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Friday, February 12, 2010

Indications: Stock futures fall after China hikes reserve ratio

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By Polya Lesova, MarketWatch

FRANKFURT (MarketWatch) -- U.S. stock futures fell on Friday after China hiked its deposit-reserve ratio, escalating worries over global economic growth and prompting traders to sell stocks and commodities, and buy the U.S. dollar.

Futures on the Dow Jones Industrial Average dropped 67 points, or 0.7%, to 10,043.

S&P 500 futures fell 9 points, or 0.8%, to 1,067.60, and Nasdaq 100 futures declined 15.75 points, or 0.9%, to 1,759.70.

U.S. equities finished with strong gains on Thursday, after concerns about Greece's fiscal situation eased.


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The People's Bank of China announced Friday it will raise the ratio of reserves banks must set aside by 0.5 percentage points, marking the second such action this year.

The central bank has been tightening monetary policy in an attempt to restrain bank lending. Its moves, however, have raised worries over a potential slowdown in China's economic growth.

"The PBOC move risks eroding any stabilization emerging in global equities" following the European Union's pledge on Thursday to support Greece, said Ashraf Laidi, chief market strategist at CMC Markets.

The news from China sent the U.S. dollar sharply higher, while it also prompted traders to sell stocks and commodities such as oil and gold.

Oil futures fell nearly 2% to $73.84 a barrel, while gold futures dropped $15.70 to $1,079 an ounce. The concern is that slowing growth in China will lead to a decline in its appetite for commodities.

The dollar index /quotes/comstock/11j!i:dxy0 (DXY 80.63, +0.63, +0.79%) , which tracks the greenback against a basket of other major currencies, rose 0.7% to 80.583.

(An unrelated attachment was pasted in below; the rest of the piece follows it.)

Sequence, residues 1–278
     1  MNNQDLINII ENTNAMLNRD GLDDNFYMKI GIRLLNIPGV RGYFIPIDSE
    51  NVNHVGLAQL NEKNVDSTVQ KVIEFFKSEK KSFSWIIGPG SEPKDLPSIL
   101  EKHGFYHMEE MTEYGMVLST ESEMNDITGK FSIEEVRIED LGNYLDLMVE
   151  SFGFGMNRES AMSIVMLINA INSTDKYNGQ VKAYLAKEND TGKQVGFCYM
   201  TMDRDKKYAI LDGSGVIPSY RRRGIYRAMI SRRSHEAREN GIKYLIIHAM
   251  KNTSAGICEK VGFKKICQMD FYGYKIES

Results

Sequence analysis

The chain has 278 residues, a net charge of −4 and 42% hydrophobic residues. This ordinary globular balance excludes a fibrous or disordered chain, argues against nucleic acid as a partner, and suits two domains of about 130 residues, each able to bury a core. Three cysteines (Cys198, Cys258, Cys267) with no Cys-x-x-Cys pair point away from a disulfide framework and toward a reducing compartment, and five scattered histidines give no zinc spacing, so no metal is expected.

The euro declined 1% to $1.3553, adding to its losses. It had declined earlier after data showed that Germany's economic recovery stagnated in the fourth quarter of 2009.

The euro zone grew at a paltry 0.1% during the fourth quarter, as France's 0.6% expansion offset contractions in Italy and Spain and a stagnant performance in Germany. Economists had forecast 0.3% growth.

In the U.S., data on retail sales for January is due at 8:30 a.m. Eastern time followed by inventories for December and consumer sentiment for February at 10 a.m. Eastern time.

The U.S. Energy Information Administration will also release delayed data on petroleum and natural-gas inventories.

Quarterly results from Duke Energy Corp. /quotes/comstock/13*!duk/quotes/nls/duk (DUK 16.21, -0.01, -0.06%) and Ingersoll-Rand Plc /quotes/comstock/13*!ir/quotes/nls/ir (IR 33.98, +0.59, +1.77%) will be released before the opening bell.

Motorola Inc. /quotes/comstock/13*!mot/quotes/nls/mot (MOT 6.65, +0.02, +0.30%) will likely be in focus after it said late Thursday that it plans to split itself up into two separate companies.

In Europe, German steel maker ThyssenKrupp AG /quotes/comstock/11e!ftka (DE:TKA 22.99, +0.42, +1.84%) reported a 2% drop in fiscal first-quarter profit, but its result beat market expectations.

Polya Lesova is reporter for MarketWatch, based in Frankfurt.

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